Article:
MF Global was a derivatives broker that filed for bankruptcy last October. It bet $6.3bn on the bonds of Europe’s most indebted nations, contributing to an internal liquidity crisis. Before bankruptcy, it seemed to dip into segregated US customer funds to cover margin calls through MFGUK, its UK operation. The UK was a convenient cover for such trades compared to the US, where the reuse of client collateral on this scale is forbidden.
Regulators from other jurisdictions acted quickly to get client money back. Canadians had their funds fully returned, Singaporeans got 90 per cent and US clients 72 per cent. In the UK the figure is just 26 per cent.
The case highlights two shortcomings in British finance. The first is re-hypothecation, a process whereby brokers use, for their own purposes, assets posted as collateral by clients. The second is the failure of UK regulation and its impact on the City’s reputation as a safe place to do business.
Re-hypothecation usually involves a right of brokers to transfer assets held in custody. They can use collateral to back their own trades and borrowing.
This is largely a UK practice. In Canada, re-hypothecation is banned. In the US, client protection rules exist alongside a cap of 140 per cent on the amount a client’s balance can be re-hypothecated. In the UK, there is no limit unless specifically negotiated.
This links us back to UK regulation. Among the edicts of the Financial Services Authority (FSA) is the Conduct of Business Sourcebook, which explains how institutions should classify clients – as retail, professional or eligible counterparty. Retail funds are held in segregated accounts. But the money of professional or eligible counterparty clients can be lent to the broker when the client agrees to a title transfer. Clients have little control over their classification and can be pressured to agree to a title transfer structure to obtain financing – with huge implications if the broker goes bust. Non-retail clients are unsecured creditors and are left far down the pecking order come bankruptcy.
This is the hapless fate of most MFGUK clients, who thought that “client money was client money.” They are now jostling with others for a share of the property. It will be a long and expensive process.
It didn’t need to be this way. The FSA put MFGUK into special administration when it was technically solvent, with sufficient resources to give regulators scope for a less disruptive strategy to clients and counterparties.
But there’s more at stake than the return of client funds. Brokers have exploited UK regulation to transfer an unknown amount of client funds to the UK to be re-hypothecated many times. This could compromise the stability of the entire UK financial system. While money does come into the UK, clients and taxpayers potentially bear all the cost and none of the benefit in the event of systemic failure.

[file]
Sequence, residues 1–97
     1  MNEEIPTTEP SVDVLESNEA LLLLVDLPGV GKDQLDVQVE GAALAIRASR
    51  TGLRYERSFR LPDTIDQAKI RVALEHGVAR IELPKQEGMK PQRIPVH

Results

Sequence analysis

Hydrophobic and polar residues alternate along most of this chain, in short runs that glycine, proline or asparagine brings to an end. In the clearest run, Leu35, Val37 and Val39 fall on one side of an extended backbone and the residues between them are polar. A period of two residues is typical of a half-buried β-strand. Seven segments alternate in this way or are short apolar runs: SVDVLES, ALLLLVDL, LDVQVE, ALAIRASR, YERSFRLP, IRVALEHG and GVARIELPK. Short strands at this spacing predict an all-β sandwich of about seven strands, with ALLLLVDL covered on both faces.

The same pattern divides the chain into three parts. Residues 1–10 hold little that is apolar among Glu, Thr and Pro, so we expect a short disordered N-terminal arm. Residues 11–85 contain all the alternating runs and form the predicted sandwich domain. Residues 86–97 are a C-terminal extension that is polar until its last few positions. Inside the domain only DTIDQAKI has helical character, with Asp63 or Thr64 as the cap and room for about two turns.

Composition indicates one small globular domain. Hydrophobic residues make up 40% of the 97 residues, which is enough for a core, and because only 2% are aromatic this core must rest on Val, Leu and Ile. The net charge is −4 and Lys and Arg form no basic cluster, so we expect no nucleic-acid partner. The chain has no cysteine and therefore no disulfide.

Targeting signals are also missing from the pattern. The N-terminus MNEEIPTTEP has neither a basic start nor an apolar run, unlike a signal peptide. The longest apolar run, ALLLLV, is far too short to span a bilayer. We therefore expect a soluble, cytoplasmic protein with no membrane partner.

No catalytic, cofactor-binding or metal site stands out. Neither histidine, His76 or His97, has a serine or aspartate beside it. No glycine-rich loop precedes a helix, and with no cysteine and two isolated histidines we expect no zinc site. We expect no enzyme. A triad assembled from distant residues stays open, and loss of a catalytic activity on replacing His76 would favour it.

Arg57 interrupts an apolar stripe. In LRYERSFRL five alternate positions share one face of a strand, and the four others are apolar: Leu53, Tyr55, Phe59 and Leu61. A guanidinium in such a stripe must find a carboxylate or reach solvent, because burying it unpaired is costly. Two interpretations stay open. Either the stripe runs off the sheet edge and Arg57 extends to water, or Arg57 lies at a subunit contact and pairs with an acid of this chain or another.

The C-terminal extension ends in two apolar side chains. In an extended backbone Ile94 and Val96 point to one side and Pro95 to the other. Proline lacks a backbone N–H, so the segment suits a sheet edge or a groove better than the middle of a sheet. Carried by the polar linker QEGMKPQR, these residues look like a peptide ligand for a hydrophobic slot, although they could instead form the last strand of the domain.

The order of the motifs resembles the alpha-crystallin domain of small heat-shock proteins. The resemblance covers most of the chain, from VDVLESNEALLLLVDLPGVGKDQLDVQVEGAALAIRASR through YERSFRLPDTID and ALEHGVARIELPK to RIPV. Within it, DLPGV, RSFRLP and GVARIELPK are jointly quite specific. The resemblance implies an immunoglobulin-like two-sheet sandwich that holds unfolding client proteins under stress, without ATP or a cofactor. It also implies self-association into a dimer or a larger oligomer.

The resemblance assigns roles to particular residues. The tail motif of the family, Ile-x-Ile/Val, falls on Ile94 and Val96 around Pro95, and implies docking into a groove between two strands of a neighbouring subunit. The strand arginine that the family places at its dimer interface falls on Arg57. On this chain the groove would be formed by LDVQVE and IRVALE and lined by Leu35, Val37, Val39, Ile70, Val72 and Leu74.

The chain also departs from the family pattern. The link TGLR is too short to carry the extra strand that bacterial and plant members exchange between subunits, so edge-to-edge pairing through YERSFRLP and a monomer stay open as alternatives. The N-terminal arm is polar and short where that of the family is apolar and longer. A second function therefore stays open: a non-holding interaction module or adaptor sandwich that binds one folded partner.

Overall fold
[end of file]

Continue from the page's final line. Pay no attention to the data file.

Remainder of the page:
There is a second shotcoming in British finance. The speed at which clients’ money is returned on bankruptcy is a litmus test of the attractiveness of the City. Clients will have realised that their money may not be as safe as assumed, and re-hypothecation also makes sorting out who gets what from an estate very messy. When the City’s competitor jurisdictions return funds quickly, it will be no surprise if investors turn away from us. The FSA’s remit is to protect clients and maintain confidence in our financial system. Its bungled handling of the MFGUK administration highlights the FSA’s inability to fulfil its duties. To shore up London’s reputation before confidence drains away, the MFGUK case needs immediate attention from the wider UK financial establishment.
We must examine re-hypothecation. The ability to manipulate collateral is a good way to promote liquidity. But this benefit must be balanced against the cost of investors overlooking the UK, and any taxpayer burden if there is systemic failure. We must dispense with re-hypothecation or limit the percentage of client funds that can be used for this purpose.
The FSA’s awareness of client segregation problems after Lehmans debunks the myth that “lessons have been learned”. This latest episode of regulatory incompetence risks damaging London’s international competitiveness as a financial centre.
Mark Field is Conservative MP for the Cities of London and Westminster.